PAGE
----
One negotiation style that gets a lot of play in movies and novels is the “hard ball” style wherein the negotiator focuses on extracting as much value as possible from the other side. The term win-win has been popularized as a style that leads to optimal agreements for both parties. The win-win style embodies a communication skill that may not be readily apparent; Active Listening.
Most negotiators would agree upon the value of good listening skills. Skillful active listening can calm tensions, break impasses, and get to the information needed to build creative deals. Yet many people overestimate their ability to deploy this key negotiation skill, while also lacking an accurate understanding of the concept of active listening.
What is active listening? Contrary to popular belief, active listening doesn’t mean sitting patiently while your counterpart talks. Nor does it simply mean saying “I understand” or establishing good eye contact. Specifically, active listening is a dynamic process that can be broken down into three broad and different behaviors: paraphrasing, inquiry, and acknowledgment.
Assume the role of an organizational development consultant that provides management and supervisory leadership development training. You respond to a request for proposal (RFP) to an organization. At the initial exploratory meeting with the organization, the representative asserts: “Your proposal doesn’t give us the assurances we need that you can quickly handle all of the staff from our branch locations if we decide to include that group of leaders. Further, your price per head is too high and exceeds our budget. We think you have an excellent product portfolio, but if you can’t work with us, we’re prepared to find and select another vendor that will be more flexible with us.”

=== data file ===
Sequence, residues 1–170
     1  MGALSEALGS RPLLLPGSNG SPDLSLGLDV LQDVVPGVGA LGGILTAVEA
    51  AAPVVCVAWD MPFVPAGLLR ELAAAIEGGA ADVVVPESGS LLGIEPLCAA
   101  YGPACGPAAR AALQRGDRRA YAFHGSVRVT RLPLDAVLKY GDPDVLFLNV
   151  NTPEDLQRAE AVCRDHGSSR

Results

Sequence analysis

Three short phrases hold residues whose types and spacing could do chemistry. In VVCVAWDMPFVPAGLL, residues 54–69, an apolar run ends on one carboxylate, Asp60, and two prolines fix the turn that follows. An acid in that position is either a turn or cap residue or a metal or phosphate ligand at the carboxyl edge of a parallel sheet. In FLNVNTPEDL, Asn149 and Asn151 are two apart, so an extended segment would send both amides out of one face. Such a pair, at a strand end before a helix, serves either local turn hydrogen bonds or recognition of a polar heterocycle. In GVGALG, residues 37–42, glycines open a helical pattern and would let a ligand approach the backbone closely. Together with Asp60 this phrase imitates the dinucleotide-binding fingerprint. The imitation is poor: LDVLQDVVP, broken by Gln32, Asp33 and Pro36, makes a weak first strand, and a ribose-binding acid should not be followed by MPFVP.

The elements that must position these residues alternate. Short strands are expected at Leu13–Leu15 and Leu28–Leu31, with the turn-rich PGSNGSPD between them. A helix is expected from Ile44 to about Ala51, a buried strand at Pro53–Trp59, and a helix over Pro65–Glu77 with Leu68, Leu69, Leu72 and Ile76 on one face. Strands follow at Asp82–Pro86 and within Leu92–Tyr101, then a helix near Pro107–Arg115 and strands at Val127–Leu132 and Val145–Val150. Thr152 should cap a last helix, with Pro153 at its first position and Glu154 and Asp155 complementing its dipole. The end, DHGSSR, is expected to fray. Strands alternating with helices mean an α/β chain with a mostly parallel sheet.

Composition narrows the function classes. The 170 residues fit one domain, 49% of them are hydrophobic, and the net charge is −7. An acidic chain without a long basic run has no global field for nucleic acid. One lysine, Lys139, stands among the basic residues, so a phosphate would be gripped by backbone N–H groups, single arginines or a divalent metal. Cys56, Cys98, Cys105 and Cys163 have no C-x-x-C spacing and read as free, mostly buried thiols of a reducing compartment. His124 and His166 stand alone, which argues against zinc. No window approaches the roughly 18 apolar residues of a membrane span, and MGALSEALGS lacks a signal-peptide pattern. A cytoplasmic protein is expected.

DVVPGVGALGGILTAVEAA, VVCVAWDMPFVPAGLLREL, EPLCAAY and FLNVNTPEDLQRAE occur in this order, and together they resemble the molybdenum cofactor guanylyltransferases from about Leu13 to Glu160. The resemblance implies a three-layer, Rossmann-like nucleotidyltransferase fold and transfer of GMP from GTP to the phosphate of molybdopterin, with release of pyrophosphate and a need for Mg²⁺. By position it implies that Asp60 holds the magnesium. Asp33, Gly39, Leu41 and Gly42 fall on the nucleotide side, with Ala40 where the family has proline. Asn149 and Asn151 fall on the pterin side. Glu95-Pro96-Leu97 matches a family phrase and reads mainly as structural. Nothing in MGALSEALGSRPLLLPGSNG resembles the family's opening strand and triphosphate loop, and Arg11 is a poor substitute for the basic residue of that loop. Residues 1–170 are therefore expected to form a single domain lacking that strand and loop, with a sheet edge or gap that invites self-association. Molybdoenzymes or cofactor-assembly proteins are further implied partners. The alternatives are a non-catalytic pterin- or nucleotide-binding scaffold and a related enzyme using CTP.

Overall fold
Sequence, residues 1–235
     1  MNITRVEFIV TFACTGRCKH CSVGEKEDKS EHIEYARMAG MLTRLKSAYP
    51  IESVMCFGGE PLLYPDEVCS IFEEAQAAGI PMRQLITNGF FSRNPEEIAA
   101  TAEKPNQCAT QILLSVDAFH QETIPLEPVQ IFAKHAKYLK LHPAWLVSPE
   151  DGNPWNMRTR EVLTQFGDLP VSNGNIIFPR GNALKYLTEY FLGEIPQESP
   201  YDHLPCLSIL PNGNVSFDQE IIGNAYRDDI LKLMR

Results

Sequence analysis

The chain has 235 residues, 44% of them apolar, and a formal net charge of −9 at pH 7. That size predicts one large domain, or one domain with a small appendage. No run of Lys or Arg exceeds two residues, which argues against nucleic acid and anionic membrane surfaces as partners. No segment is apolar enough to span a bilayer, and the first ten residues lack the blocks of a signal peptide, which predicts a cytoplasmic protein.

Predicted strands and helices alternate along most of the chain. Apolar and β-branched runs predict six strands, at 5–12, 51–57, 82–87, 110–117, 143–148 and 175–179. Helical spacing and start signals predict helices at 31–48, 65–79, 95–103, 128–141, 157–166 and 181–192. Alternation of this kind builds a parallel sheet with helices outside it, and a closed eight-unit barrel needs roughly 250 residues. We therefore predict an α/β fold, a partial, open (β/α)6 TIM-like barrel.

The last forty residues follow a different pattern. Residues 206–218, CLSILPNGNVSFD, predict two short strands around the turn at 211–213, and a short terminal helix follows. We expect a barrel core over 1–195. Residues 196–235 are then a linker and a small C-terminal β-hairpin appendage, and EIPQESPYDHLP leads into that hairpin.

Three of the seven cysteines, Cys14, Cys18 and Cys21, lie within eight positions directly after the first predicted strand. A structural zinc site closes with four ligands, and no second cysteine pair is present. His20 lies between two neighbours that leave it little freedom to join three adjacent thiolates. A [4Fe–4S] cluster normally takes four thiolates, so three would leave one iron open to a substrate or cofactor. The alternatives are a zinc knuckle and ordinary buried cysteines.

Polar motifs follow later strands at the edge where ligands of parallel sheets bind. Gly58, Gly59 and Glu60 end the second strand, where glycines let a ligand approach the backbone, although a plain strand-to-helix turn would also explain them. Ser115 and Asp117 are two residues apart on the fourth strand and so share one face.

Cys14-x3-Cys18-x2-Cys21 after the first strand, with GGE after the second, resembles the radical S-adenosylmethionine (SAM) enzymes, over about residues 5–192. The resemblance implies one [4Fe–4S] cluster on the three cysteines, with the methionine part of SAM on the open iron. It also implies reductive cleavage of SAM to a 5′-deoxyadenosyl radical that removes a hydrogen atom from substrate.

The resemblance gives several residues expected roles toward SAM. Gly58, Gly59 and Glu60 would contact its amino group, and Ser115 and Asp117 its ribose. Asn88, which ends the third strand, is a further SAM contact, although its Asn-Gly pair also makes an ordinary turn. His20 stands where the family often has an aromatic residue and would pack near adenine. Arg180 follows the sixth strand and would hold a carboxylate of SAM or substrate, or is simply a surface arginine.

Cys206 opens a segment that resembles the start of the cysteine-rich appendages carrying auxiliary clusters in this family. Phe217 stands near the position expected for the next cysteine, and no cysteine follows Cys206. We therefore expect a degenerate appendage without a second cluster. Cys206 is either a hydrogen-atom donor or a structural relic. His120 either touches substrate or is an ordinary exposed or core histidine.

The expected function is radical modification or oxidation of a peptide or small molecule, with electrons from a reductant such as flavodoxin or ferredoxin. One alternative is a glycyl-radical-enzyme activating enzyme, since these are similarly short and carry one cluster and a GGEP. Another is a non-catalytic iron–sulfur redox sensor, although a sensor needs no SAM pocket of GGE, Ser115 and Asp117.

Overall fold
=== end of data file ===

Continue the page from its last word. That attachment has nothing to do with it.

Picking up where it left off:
Here’s one way that we may be able to respond in this scenario using three (3) characteristics of active listening in this negotiation.
Paraphrase: “It sounds as if you’re satisfied with our portfolio of training modules, overall. But if I understand correctly, you need me to assure you that we can accommodate your branch personnel on short notice if you decide to include that group. You’re also concerned about our proposed per-head price and our willingness to work with you to create an acceptable arrangement. Have I captured your main points?”
Inquire: “You mentioned that you found our proposed price per head to be unacceptable. Help me understand how you came to this conclusion. Let’s also talk about how we might set up a pricing structure that you find more reasonable.”
Acknowledge: “It sounds as if you’re not comfortable with the per-head pricing in our proposal, so much so that you have serious concerns about whether we’ll be able to work together through to completion.”
The key point is that a skillful negotiator orchestrates these aspects of active listening to elicit and draw out the other party’s concerns and feelings, with a view toward asserting their own viewpoint and engaging in joint problem-solving.
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